Wednesday, April 24, 2013

I'll bet you Debt to Donuts ...

There's been much well-deserved razzing of Reinhardt and Rogoff for their Excel error and their ... interesting choices about which data to exclude.

Brad DeLong did a post last week building off the work of a Berkeley grad student, Owen Zidar. Zidar put observations about countries into 50 bins of equal size, grouping observations by debt as a percentage of GDP, and looking at average growth over the following 5 years. When he plotted it, he got this chart:

Today DeLong revisited  the subject and added in a line at 90%, and then the average growth rate to the left of the line (countries with debt below 90% of GDP) and the average growth rate to the right of the line (countries with debt higher than 90% of GDP).

The moral of the story: slightly slower growth; no cliff. (And as people have been pointing out since R&R's paper in 2010, the causality isn't clear in any case.)

Looking at DeLong's modification, I was struck by those two particularly low bins just to the right of the 90% line. So if we were instead to draw the line at something like 95%, we'd take the lowest and third-lowest observations out of the "high-debt" group and put them in the "low-debt" group. And since those two dots were lower than the average in either group, the group they left would see its average go up, and the group they joined would see its average go down.

My drawing above is just an eyeballing approximation since I haven't taken the time to ask Zidar for his binned-up data, but the lines do have to move in the direction I've shown. It seems unlikely that this little shift has such a big effect that the countries with debt below 95% actually do worse than countries above, but we can say for sure that by placing the cutoff at 95% instead of at 90%, the effect of high debt moves in the direction of being trivial.

But notice something peculiar. Countries with debt greater than 90% do in fact perform worse than countries with debt greater than 95%. It's those two horrible dots between 90% and 95%.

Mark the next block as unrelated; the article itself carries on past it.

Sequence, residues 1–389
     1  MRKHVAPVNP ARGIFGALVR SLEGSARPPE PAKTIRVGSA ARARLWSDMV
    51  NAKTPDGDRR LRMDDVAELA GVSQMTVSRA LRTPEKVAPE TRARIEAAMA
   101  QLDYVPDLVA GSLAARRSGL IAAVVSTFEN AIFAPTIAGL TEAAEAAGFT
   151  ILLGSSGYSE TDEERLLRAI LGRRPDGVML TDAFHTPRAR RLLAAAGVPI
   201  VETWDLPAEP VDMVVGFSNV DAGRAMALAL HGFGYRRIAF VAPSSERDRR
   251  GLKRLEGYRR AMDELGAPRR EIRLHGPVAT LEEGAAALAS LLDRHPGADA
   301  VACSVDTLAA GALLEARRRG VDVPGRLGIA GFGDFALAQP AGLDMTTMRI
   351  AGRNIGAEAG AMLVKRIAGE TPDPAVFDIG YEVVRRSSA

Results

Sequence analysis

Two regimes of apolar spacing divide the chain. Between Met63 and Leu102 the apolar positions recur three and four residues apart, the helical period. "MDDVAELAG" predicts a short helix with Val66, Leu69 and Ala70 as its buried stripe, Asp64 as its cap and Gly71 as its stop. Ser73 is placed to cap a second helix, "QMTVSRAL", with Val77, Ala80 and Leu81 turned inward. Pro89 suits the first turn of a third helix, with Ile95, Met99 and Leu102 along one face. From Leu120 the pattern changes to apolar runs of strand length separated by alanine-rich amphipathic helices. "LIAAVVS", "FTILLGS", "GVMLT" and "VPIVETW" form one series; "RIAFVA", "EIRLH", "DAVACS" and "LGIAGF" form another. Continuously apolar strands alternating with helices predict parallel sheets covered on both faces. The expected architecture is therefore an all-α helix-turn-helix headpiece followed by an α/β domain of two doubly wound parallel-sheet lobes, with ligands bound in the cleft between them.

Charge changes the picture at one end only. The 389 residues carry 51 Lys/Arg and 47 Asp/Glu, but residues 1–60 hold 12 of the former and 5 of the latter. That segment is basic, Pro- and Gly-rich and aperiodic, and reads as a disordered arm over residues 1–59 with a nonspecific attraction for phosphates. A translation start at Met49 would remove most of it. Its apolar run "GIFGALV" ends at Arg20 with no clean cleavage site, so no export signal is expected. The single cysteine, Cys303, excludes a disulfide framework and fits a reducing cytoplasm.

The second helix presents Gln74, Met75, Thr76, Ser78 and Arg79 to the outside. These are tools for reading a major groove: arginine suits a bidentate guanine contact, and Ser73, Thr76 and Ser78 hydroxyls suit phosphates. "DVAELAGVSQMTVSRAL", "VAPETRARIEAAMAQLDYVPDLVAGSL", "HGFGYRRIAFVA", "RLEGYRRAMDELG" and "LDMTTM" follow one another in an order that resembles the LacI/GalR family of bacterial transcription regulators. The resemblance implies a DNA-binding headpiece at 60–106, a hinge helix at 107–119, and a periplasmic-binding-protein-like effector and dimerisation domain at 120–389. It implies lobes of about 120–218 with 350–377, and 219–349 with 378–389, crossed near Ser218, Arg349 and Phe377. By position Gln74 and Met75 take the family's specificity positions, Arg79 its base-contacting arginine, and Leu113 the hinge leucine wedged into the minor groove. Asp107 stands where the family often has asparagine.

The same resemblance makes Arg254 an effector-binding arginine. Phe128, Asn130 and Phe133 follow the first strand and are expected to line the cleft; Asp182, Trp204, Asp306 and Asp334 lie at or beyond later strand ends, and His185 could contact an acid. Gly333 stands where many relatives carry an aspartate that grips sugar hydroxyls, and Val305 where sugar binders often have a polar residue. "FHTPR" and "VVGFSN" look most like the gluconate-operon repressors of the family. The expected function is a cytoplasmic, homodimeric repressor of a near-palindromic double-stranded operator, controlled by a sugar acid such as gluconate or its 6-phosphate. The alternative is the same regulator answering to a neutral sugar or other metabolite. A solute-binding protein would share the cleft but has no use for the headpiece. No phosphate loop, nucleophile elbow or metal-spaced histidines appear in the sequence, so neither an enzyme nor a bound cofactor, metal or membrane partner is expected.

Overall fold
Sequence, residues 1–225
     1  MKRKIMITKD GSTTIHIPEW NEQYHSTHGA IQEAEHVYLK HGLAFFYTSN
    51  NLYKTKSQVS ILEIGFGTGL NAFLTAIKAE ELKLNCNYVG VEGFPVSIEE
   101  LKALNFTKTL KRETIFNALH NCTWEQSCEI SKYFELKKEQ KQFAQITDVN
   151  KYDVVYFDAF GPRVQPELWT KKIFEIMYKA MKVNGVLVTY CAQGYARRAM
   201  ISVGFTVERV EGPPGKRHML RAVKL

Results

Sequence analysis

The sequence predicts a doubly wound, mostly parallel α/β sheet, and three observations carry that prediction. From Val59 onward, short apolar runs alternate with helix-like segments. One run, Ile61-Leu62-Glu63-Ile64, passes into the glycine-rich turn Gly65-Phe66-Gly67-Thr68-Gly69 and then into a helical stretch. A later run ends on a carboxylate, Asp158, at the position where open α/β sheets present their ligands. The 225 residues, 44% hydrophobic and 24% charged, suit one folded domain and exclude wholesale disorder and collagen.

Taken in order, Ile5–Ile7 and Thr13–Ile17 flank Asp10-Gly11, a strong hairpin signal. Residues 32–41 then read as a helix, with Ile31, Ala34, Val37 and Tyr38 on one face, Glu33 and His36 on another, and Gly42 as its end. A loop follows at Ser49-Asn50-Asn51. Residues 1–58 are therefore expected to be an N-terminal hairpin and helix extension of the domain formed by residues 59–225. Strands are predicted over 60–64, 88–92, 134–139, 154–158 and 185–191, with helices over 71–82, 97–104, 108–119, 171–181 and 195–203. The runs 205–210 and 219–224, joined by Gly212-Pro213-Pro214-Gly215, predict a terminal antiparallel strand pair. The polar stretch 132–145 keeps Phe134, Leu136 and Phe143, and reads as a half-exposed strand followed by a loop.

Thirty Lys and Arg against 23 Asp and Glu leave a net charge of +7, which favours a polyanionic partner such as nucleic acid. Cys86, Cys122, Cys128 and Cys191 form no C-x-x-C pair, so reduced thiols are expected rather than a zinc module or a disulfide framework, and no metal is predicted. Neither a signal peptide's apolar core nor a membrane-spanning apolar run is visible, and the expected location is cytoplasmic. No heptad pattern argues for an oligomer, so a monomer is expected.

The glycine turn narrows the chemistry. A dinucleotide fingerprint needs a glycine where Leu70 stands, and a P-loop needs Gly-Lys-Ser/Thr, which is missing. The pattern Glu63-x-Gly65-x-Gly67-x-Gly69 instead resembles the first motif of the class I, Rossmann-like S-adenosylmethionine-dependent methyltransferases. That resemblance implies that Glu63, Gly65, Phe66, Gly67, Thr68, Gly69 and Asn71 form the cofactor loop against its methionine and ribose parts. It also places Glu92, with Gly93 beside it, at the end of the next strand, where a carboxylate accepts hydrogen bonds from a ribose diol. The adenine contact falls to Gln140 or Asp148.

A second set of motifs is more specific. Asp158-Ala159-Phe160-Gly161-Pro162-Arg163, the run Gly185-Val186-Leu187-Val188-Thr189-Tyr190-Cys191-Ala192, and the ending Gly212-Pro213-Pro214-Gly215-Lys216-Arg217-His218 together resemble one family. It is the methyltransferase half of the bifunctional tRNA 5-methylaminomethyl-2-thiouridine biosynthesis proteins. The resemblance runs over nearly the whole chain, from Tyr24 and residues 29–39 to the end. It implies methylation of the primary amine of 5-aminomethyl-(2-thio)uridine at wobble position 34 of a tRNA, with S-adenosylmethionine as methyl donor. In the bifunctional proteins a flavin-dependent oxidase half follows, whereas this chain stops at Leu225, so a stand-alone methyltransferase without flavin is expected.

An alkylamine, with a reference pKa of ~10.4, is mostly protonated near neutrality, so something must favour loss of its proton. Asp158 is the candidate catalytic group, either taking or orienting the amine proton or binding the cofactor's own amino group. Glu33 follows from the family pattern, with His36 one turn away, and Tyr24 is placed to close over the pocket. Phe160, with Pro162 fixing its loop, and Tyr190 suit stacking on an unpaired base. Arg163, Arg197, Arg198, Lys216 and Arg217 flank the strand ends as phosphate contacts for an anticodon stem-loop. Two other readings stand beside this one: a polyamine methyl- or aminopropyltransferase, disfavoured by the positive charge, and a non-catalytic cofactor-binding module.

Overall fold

What if we have three groups? Less than 90%, greater than 95%, and the middle. We get something like this:

Obviously, the real problem is neither high debt nor low debt, but debt in the very narrow window of 90 to 95% of GDP. That stuff's just a catastrophe. Talk about threshold effects. It's reminiscent of the "donut hole" in patient reimbursement that was built into the Medicare prescription drug benefit under GW Bush, only narrower.

Put another way, we're looking at something like this:
The solution is clear. When your debt is approaching 90% from below, putting on the brakes might accomplish nothing useful. You'll merely slow down enough to go tumbling off the edge of the debt cliff into the 90-95 chasm. What you need to do is load up on debt big time--accelerate hard, make sure you clear the gap.

(Thanks ClipArt!)

Once you're on the other side, it's clear sailing.

Gee, it sure is a snap cooking up important public-policy findings when you know what to do with the data. Maybe I, too, can work for the Peterson Institute ...

UPDATE: Here's a post-length comment on Crooked Timber that's worth a read about the state of economics. (And the original post is short and sweet: scroll up and enjoy it.)

Sunday, April 14, 2013

Poker and the problem of the social sciences

Recent research found that arm movements in poker players were more informative about the players' hands than their faces were.
Test subjects were non-experts in poker. They were shown three different types of footage of players at a poker championship:
  1. Showing just the faces
  2. Showing just the arms and hands moving chips into the pot
  3. Showing the whole upper body
The test subjects had to guess how strong a hand the players had.

When they saw the whole upper body, they did no better than chance.

When they saw just the face, they did worse than chance.

And after those two observations, you may not be surprised to learn that when they saw just the hands, they did better than chance.

The researcher's hypothesis was that players who were confident about their cards would have less anxiety and this would show itself in smoother arm movements. The evidence he gathered seems to support that idea.

These were expert poker players--the footage was from the 2009 World Series of Poker--so it seems they've learned not merely how to hide the quality of their cards through a stoic "poker face"; they can actually use their face to lie to you. But their arms still give them away.

Neither the HuffPo article nor the NPR story I heard this morning drew the conclusion that seemed obvious to me. As this knowledge spreads, there will certainly be hard-core poker players who start paying attention to their arms. They'll try to learn to control their arms so that they can bluff just as well with a limb as with a lip.

It may be that the connection between anxiety and smooth motion is harder to overcome than the facial tells they've already mastered, but it would be surprising if there weren't some improvement possible.